Waist not, Want more

I have always understood my body to be not exactly how I would want it, but something I had to learn to love.

And the centre of this internal struggle has always been synched in at my waist. Or, in fact, lack thereof.

Mostly, for me, it has been the way it functions on the inside:
give me more energy
make my skin normal
tolerate more
react less
be skinnier so I can wear these high-waisted jeans everyone is pulling off

But as with anything internal, things have a tendency to manifest outward into How Great My Life Would Be with more or less of this.

And oh, the things a waist that adequately balanced out my body would do for me:
a) look good in dresses
b) look good in togs
c) do more towards the ever-coveted thigh gap in a pair of those high-waisted jeans everyone is pulling off

And then, recently, I witnessed something spectacular.

In a clothing sale in a lofty work room in Wellington, amidst the hoards of organic cotton and folds of fabric, there it was. Communal empathy for the waist between women.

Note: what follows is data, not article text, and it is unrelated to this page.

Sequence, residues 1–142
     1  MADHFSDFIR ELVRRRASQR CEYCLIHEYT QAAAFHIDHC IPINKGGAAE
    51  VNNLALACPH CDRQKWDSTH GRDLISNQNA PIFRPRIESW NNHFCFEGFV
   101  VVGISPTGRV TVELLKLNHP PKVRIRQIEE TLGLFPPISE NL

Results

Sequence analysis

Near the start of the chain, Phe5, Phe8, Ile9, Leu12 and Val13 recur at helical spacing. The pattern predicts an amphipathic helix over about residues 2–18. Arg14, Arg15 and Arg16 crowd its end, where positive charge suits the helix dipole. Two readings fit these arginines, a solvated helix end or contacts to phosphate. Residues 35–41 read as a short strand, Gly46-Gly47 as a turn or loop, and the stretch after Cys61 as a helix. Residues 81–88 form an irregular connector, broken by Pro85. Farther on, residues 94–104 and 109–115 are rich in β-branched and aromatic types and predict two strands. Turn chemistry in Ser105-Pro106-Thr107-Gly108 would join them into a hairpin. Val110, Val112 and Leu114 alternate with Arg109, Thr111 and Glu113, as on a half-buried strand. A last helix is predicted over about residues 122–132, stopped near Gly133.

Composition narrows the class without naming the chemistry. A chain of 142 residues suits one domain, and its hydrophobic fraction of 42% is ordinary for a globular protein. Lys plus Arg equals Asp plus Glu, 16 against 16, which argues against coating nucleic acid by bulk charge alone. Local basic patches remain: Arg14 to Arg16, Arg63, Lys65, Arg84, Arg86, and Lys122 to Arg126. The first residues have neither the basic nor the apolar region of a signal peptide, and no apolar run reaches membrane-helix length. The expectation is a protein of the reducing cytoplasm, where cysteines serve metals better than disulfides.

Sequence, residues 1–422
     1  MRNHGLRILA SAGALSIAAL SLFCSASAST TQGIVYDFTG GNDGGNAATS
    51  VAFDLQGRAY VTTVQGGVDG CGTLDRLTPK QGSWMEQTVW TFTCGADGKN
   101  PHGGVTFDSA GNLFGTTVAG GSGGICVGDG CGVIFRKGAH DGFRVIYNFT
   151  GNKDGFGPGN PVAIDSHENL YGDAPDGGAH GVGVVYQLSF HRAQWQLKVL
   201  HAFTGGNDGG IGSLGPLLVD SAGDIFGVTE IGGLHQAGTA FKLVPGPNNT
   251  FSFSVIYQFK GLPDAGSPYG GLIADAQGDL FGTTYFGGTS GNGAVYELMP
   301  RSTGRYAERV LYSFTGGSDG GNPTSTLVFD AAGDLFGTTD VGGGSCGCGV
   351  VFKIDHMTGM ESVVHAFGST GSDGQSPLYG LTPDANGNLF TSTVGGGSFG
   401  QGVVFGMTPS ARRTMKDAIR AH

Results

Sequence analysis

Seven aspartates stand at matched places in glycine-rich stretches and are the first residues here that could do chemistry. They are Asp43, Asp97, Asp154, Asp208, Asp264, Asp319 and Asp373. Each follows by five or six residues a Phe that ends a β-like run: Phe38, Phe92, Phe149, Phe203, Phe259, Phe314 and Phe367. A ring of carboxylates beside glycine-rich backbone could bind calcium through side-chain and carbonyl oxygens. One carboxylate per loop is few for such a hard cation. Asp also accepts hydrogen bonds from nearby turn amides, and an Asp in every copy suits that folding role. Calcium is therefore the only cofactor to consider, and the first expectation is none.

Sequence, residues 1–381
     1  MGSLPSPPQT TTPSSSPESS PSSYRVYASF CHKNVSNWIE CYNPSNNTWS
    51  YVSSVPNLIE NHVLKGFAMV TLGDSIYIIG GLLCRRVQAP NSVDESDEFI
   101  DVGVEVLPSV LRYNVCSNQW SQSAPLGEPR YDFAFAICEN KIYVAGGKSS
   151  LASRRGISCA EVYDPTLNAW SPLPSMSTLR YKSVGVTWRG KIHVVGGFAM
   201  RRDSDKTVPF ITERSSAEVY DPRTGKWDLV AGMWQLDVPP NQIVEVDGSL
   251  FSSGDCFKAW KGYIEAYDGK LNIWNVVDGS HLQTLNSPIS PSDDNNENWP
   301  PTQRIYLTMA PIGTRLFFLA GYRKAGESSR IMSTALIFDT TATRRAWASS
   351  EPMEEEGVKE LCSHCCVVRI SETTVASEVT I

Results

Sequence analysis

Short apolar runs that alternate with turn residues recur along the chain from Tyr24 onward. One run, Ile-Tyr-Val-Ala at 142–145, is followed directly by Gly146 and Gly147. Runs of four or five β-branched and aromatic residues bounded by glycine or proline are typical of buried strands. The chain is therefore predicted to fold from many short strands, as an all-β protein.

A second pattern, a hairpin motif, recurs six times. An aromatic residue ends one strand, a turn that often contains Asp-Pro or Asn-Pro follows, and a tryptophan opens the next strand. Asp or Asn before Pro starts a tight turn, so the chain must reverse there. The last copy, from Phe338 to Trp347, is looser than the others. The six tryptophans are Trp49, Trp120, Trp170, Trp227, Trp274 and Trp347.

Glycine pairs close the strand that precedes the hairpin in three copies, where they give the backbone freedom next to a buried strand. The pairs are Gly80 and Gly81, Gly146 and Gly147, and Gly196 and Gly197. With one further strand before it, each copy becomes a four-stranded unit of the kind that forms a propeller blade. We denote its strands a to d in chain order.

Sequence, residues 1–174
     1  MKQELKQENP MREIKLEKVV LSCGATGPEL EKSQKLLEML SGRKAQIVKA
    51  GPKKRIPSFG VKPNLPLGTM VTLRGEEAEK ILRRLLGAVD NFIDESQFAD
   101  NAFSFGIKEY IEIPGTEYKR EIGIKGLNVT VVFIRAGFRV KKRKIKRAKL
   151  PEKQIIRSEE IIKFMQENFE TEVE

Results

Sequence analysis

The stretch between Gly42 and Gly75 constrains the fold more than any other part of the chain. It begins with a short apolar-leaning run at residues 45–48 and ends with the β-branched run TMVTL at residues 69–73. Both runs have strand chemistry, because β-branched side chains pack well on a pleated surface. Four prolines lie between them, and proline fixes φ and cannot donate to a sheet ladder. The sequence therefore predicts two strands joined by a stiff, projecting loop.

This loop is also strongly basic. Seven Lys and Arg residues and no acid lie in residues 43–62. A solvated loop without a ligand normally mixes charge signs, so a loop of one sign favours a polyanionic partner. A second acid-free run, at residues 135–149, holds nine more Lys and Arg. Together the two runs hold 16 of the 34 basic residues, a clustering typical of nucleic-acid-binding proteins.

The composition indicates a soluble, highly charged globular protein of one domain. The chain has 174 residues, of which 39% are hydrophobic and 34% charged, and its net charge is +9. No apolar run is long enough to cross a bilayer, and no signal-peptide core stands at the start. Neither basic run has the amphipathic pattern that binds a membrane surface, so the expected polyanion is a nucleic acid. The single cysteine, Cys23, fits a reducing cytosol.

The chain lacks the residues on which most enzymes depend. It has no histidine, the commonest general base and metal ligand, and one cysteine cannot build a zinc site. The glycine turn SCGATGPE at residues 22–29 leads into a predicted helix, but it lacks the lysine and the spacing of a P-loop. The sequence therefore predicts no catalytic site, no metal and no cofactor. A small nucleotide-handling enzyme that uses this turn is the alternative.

And in this moment I experienced three things:

  1. Frustration at my lack of having a fashionable body type. All these clothes make me look like a small tent trying to look like a big tent. Is anyone else having this problem? (Random woman: ‘yes, but try this on’)
  2. Affirmation that high-waisted jeans require just that: a waist (Second random woman: ‘But try these pants on they are so great for our body shape!’)
  3. A realization that a communal changing space liberates all insecurities (Me: Hi this is my bra and my lack of waist – I like that top! Third random woman: ‘It would look great on you, you should totally try it on’)

Perhaps this is something we, as women, will always return to – how can we look/feel/be better at the middle of ourselves? For the waist, in a way, is where our closet sensitivities lie.













Words by Annabel Hawkins. Photographs by Anna Williams.